Unexpected partnerships: where are the new spaces for creation and creativity and how do we support them?



Verónica Ahumada
Director of International Cultural Cooperation, Secretary of Culture (Mexico)

Honor Harger
Director Art Science Museum (New Zealand)

Dennis Marita
Director of Culture, Ministry of Culture and Tourism (Solomon Islands)

Lidia Varbanova
Cultural consultant, researcher and manager (Bulgaria/Canada)


Magdalena Moreno Mujica
Deputy Director IFACCA (Chile/Australia)


Wendy Were
Australia Council for the Arts

Key words: 

intersection, creative linkages, next generation, partnerships, support momentum, diplomacy, entrepreneurship versus institutionalisation, horizontal thinking versus vertical thinking.





The session opened with a traditional welcome by Dennis Marita, followed by three short presentations and then extended dialogue about cultural partnerships, opportunities and challenges.

Honor Harger discussed science as a part of culture, in the context of her work at the Art Science Museum in Singapore. She described a number of examples of intersections between science and art, and the experimental culture of this border crossing as an ongoing continuum where art leads to science leads to art. Examples included embedding artists into science dialogues and artists providing science with a source of ideas. She also raised the role that arts education might play in developing the scientists of the future.   

Verónica Ahumada discussed the relationship of food to culture through the example of Ibercocinas, a multi-country partnership between Ibero-American countries which designes and implements programs around traditonal cuisines. The program has an ultimate objetive around intangible cultural heritage and takes up the ideas of the role of food to history, heritage, gastronomy, regional significance, promotion of cultural traditions and so on.

Dennis Marita discussed the challenges of the cultural sector in the Solomon Islands. A diverse population of 6,000 with120 languages spoken in the three groups of Polynesia, Melanesia and Micronesia, along with economic and geographical challenges, has resulted in close connections between culture and government. Government priorities require creative options to be realised as funding is unlikely to come through other channels. This partnership brings its own challenges as the government priorities and policies then influence arts development. Cultural tourism factors widely, with local cultural festivals in the nine provinces and cruise shipping to the islands. Cultural exchange programs. Key opportunities include making use of regional and international networks, the establishment of a national cultural policy, and the value inherent in traditional culture and knowledge.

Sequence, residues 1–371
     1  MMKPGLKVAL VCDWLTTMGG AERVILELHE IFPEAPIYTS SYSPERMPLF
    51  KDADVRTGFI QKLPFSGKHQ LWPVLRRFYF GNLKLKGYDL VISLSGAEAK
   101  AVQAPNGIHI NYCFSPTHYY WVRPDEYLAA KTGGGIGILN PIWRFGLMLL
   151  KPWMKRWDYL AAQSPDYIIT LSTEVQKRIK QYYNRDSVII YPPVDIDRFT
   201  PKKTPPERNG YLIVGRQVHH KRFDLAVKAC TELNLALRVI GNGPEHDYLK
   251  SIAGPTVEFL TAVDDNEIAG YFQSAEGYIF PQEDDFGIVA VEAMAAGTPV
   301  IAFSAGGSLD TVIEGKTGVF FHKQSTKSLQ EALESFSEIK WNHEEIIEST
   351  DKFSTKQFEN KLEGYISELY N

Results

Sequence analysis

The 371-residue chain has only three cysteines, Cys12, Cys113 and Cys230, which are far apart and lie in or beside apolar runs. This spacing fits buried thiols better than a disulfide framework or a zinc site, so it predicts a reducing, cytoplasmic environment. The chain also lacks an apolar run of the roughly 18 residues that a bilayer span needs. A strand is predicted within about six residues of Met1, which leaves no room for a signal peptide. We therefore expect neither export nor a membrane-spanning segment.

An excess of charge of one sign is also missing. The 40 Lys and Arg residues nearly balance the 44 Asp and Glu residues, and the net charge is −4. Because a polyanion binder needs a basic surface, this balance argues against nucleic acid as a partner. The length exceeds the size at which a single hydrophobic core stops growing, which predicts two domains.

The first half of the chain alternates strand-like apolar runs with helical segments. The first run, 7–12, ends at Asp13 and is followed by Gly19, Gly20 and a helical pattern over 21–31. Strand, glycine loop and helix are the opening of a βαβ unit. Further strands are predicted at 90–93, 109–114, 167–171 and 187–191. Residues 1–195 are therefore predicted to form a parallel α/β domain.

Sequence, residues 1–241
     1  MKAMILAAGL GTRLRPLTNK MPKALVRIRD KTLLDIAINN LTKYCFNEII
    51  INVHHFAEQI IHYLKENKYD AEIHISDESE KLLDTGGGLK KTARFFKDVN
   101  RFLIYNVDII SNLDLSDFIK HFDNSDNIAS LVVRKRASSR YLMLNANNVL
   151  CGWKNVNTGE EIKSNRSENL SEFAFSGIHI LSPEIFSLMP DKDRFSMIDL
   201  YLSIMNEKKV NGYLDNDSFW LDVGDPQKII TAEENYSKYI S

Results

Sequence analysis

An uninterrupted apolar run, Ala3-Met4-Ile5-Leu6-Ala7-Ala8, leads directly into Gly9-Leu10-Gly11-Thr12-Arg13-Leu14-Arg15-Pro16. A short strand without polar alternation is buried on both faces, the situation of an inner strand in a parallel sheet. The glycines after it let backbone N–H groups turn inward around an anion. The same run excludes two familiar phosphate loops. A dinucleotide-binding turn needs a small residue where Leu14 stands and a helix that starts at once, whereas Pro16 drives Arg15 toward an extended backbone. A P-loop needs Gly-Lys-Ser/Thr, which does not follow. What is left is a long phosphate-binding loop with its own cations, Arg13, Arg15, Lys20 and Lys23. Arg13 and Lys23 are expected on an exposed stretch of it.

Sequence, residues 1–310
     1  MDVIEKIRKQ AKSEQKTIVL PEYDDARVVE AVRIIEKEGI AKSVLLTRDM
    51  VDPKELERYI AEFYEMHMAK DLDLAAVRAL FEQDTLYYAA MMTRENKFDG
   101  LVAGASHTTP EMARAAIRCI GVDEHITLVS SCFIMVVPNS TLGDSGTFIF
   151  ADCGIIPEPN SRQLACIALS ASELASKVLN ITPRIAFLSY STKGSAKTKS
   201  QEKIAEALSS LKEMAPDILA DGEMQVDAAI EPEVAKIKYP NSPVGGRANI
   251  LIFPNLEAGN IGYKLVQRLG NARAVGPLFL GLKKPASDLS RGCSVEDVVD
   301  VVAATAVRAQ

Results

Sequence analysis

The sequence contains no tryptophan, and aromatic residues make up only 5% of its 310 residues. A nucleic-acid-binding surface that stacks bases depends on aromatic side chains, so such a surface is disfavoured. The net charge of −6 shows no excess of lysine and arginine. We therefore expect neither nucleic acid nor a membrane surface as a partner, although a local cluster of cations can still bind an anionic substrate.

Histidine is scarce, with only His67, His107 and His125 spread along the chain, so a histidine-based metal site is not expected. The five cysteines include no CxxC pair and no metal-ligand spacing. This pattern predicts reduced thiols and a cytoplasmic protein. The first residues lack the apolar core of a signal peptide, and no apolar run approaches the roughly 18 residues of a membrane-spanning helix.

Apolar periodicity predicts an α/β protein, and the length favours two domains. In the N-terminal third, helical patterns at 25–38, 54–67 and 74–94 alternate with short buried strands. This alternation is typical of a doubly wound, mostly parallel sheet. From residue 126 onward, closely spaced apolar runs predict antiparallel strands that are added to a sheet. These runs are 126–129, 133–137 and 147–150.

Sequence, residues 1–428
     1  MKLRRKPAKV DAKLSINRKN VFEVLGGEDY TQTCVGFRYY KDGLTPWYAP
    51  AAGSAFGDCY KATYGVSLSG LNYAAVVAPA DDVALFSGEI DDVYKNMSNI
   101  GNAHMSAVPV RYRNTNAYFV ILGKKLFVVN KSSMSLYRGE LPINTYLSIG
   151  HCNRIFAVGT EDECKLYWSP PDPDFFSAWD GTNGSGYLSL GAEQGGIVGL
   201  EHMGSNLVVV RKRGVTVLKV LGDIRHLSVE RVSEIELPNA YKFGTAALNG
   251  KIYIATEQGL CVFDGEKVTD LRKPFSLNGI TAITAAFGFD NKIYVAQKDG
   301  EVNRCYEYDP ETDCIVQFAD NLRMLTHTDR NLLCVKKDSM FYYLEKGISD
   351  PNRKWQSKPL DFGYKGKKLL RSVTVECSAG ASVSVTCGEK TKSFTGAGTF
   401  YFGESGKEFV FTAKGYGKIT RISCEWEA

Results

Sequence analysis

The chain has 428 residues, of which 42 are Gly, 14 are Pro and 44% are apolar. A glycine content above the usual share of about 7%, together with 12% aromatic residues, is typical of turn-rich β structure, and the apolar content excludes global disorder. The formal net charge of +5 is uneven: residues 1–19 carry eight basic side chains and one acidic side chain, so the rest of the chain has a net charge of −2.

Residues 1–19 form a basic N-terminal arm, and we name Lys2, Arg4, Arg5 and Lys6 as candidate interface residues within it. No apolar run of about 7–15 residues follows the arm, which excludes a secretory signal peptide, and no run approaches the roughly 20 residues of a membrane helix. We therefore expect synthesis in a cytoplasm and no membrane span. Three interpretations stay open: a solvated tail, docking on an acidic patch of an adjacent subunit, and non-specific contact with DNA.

Lidia Varbanova focused on different types of entrepreneurship, arguing that leadership and entrepreneurship go hand in hand in the creation of partnerships with science, environment, technology, and suggested art and culture could be the catalyst for economic and social change.  She noted the interconnections and connectivity between creative industries sectors and key trends of global issues, new digital technology, virtual and augmented reality, Gen Z, crowdfunding, greater consumer choice. She noted culture’s connection with tourism and other industries and used a number of case studies to illustrate her point.

The session then moved to a long table format with those ideas picked up in a wide-ranging discussion. Nineteen people participated over the session.



On Cultural Leadership in the 21st Century

The potential new roles that culture could play in other contexts through non-traditional partnerships –social, scientific, economic etc.

The need for leadership to promote inclusive approaches to enable those linkages to happen – the need for artistic and cultural leaders to seek those opportunities as well as welcoming approaches.